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record-setting 400-meter runner
Louis Woodard Jones III was born in New Rochelle, New York, on January 15, 1932. He graduated from New Rochelle High School in 1950, and then entered Manhattan College (in The Bronx, New York), where he studied business administration.
A star athlete in high school, Jones continued that reputation at Manhattan, becoming the Intercollegiate Association of Amateur Athletes of America (IC4A) champion in the 440-yard race in his senior year (1954).
Jones was serving in the U. S. Army when he won the 400-meter dash at the 1955 Pan-American Games in Mexico City, Mexico, with a world record time of 45.4 seconds. He was also a member of the gold medal-winning American 4x400-meter relay team. He broke his own record, with 45.2 seconds, during the U. S. Olympic Trials at the Los Angeles (California) Memorial Coliseum in June 1956, making him a favorite for the 1956 Olympic Games in Melbourne, Australia. His Olympic performance fell short, however, as his time of 48.1 seconds was only good enough for fifth place. He was, however, a member of the gold medal-winning 4x400-meter relay team, with Charlie Jenkins (who placed first in the 400-meter), Tom Courtney, and Jesse Mashburn.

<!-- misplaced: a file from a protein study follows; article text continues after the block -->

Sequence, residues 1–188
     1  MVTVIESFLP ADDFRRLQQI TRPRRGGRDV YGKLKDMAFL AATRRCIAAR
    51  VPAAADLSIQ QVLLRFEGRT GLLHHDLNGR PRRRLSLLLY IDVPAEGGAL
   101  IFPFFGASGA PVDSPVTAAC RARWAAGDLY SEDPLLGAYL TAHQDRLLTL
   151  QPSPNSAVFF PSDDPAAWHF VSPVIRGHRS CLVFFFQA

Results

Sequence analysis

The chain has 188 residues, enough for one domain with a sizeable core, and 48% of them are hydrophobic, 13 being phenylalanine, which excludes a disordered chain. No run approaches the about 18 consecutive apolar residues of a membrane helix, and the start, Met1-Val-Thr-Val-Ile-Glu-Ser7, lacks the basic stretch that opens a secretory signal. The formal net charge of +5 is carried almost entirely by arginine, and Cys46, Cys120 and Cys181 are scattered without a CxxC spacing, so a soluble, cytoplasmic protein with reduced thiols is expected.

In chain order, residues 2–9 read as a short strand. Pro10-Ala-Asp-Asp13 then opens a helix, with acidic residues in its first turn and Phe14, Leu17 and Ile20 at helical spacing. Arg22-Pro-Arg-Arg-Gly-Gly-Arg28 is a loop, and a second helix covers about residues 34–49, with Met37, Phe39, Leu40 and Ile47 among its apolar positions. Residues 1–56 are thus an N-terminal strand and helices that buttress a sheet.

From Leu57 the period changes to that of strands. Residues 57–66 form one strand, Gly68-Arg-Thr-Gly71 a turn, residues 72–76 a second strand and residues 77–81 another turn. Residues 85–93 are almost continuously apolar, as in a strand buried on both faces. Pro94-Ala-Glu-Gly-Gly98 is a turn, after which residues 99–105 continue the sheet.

Following his release from the Army, Jones entered Columbia University's Teachers College, from which he received a Master's in Physical Education in 1960. He subsequently worked as a teacher and coach at New Rochelle High School, served in the New Rochelle school administration as a dean, and taught in the Heath and Physical Education Department of Queensborough Community College. In 1975, he left the academic world to work as an equal employment opportunity coordinator in the Westchester County Equal Employment Opportunity Office. He retired in 1991, and died rom complications of diabetes at Montefiore Medical Center in The Bronx on February 3, 2006.
Robinson Library >> Recreation >> Track and Field Athletics >> Biography
This page was last updated on March 21, 2018.